Gallery: the Giro d’Italia climbs over the lava fields of Mount Etna

Fields of hardened lava can still be found intermittently along the slopes of the mountain.

As I have already said, ever since this year’s Giro d’Italia route was announced I knew I wanted to come to the start in Sicily. I wanted to come to see Monreale, the splendid Norman cathedral that set the stage for the opening time trial. I wanted to return to Agrigento and its collection of Greek temples in the breathtaking Valley of the Temples. And I wanted to return to Mount Etna the spectacular volcano that towers over the city of Catania.

I had already visited Catania on several occasions and it is impossible to ignore Etna. And I’ll never forget a photoshoot that I did on the volcano a few years ago. The volcano seemed to simmer. I remember how the air appeared to have a strange mistiness, perhaps due to the presence of sulfur from the volcano. And I remember the lava fields. As Etna is still very much an active volcano, and there have been numerous eruptions over the centuries. Fields of hardened lava can still be found intermittently along the slopes of the mountain.

And so today I decided to hang out in a lava field!

While I often search to convey the magnitude of a great bicycle race in a certain location, today I really was in search of something more stripped-down, just the best possible shot of the riders against the lava.

And after studying the course map and speaking with some locals, I understood that there was an exposed stretch of lava around the three-kilometer mark. The race would then enter into a small forest before exiting in the final kilometer of the race. I opted for the three-kilometer mark.

Situated on a long, sweeping turn, the location offered several vantage points.

I liked that.

But first I had to get to a central spot situated somewhere in the middle of the thick black sand of what was volcanic ash and the jagged rocks. And for those that don’t know already, beware, lava bites back!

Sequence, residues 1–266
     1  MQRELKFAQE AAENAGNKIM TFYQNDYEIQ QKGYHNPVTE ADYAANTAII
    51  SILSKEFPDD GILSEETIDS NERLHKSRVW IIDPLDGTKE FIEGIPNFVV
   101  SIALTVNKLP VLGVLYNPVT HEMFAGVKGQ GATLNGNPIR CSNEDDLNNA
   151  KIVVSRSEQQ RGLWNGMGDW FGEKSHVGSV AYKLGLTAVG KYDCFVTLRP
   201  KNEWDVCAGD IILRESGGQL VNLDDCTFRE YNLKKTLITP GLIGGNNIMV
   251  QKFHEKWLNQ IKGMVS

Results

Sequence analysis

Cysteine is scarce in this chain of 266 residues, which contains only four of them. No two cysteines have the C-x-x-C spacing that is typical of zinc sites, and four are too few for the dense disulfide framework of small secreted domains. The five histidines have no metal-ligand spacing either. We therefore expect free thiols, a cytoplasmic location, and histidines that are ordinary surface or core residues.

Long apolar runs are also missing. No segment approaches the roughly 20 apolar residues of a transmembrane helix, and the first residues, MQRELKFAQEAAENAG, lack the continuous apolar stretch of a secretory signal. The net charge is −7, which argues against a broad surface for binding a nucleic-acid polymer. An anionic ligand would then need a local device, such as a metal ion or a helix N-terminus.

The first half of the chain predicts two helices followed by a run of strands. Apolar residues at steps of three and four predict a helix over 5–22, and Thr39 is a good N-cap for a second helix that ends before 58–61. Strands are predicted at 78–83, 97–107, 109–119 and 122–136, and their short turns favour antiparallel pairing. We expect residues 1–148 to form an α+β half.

A rock formation perched above the field offered me the best vantage point. And taking position, I waited. But I was quickly reminded of how quickly Etna changes character. The lava changes color with the light. At times it appears dark green. And then suddenly it can become jet black. And I was quickly reminded that the weather conditions can change just as quickly — the winds could suddenly pick up and violent rains could appear one minute and be gone the next. After all, we are on an active volcano.

And soon enough the Giro d’Italia caught up to us.

Ecuador’s Jonathan Caicedo was the first to come into sight. After jumping into the day’s early break, he then powered off the front in a perfectly orchestrated move. Soon enough the lead pack came into view, led by Vincenzo Nibali’s Trek-Segafredo team.

And there were many others. Geraint Thomas with his shredded jersey and shorts, whose hopes for a potential Giro victory came to an end in a crash in the opening kilometers of today’s stage. And, of course, there was Filippo Ganna, who started the day in the distinctive pink leaders jersey. A statuesque time-trialer, he was no match for the Etna. But he seemed little bothered, chatting and joking with those in his group. His Giro was already a success, much like the Grand Partenza in Sicily!